While art historians, archeologists, sociologists and other academics ponder whether there are such things as universal aesthetics and meanings, New York artist Matthew Craven digs up images from diverse cultures in order to reveal pervasive themes, symbols and forms that have recurred over great distances and thousands of years.
His exploration of forms and patterns is purely visual. He doesn’t posit complicated theories or concoct fantastical stories about, for example, aliens having built the pyramids.
“Arrangement,” at Get This! Gallery through November 30, is one of three roughly concurrent shows drawn from the same body of work. The others were at DCKT gallery in New York and Popps Packing in Detroit, where the artist grew up. He received his MFA from the School of Visual Arts in 2010.
Most of Craven’s works combine collage and ink drawing, the handmade and the mechanically reproduced. Three large pieces contain arrangements of random black-and-white images of artifacts and artworks laid out in an allover pattern, not unlike gift wrap or wallpaper. Any attempt to categorize or make sense of the assortment is thwarted by their incongruous origins and jumbled chronology – — Sumerian ziggurats and Mayan temples, an Egyptian scribe and the Nike of Samothrace, various Buddhas and African warriors.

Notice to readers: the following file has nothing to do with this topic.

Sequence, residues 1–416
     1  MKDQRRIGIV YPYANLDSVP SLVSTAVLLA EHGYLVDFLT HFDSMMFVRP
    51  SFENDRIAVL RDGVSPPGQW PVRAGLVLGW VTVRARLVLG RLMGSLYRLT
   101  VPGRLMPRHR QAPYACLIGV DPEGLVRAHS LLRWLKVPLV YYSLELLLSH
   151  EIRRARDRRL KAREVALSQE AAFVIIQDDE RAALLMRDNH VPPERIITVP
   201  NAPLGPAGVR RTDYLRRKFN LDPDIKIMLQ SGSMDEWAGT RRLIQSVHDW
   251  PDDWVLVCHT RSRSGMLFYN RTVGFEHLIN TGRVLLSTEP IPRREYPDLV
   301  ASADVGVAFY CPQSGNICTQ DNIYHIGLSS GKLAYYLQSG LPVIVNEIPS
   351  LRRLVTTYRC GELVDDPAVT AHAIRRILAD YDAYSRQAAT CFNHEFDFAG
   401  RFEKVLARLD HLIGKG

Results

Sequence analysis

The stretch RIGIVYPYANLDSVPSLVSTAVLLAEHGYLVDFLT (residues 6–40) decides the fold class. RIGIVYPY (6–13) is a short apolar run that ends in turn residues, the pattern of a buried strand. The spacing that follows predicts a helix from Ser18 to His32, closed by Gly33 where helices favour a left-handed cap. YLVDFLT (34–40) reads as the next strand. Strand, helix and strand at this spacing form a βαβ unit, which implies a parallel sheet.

Just when everything begins to seem ancient and musty, up pops a Modernist building or sculpture. But that’s as recent as it gets. In a few cases, you can’t be quite sure if something is the original or a modernist take on a traditional art form.
Some pieces are divided into gridded panes of sky blue, ochre, and photographic landscapes that could be in the Mediterranean or the American Rockies. Graphic patterns recur throughout, as background and filler, suggesting such diverse sources as Navajo and Roman designs and Op art. They look printed but are meticulously hand drawn in ink, another tidbit that sends viewers back for a second look.
The works gain new intrigue when viewers learn about Craven’s materials. At first the images appear to be photocopies or digital compositions. In fact, they are all cut, not copied, from books. Before bibliophiles get too worked up, it should be noted that these are inexpensive, outdated books that he usually purchases online. He also has multiple copies of some, which allows him to repeat identical images throughout the series. That books themselves are on the verge of becoming artifacts is a perhaps unintended correlation.
Craven prefers cutouts over photocopies because of the textural quality of the paper. For the same reason, he mounts everything on the backs of old posters, which have an aged quality, unlike pristine new paper or more recent posters that are made with glossy finishes.
With each installation, Craven incorporates the walls by painting them to match the color panes that punctuate many of the pieces. In New York, the small Lower East Side gallery was a vibrant orange. At the much larger Atlanta space, where the works are more sparsely hung, Craven painted just a few walls in a subdued ochre that complements more than competes with the works.
Craven’s works are a reminder of a time when civilizations were distinctive, even as they allude to the messiness and blurring of cultures in our increasingly homogenized world.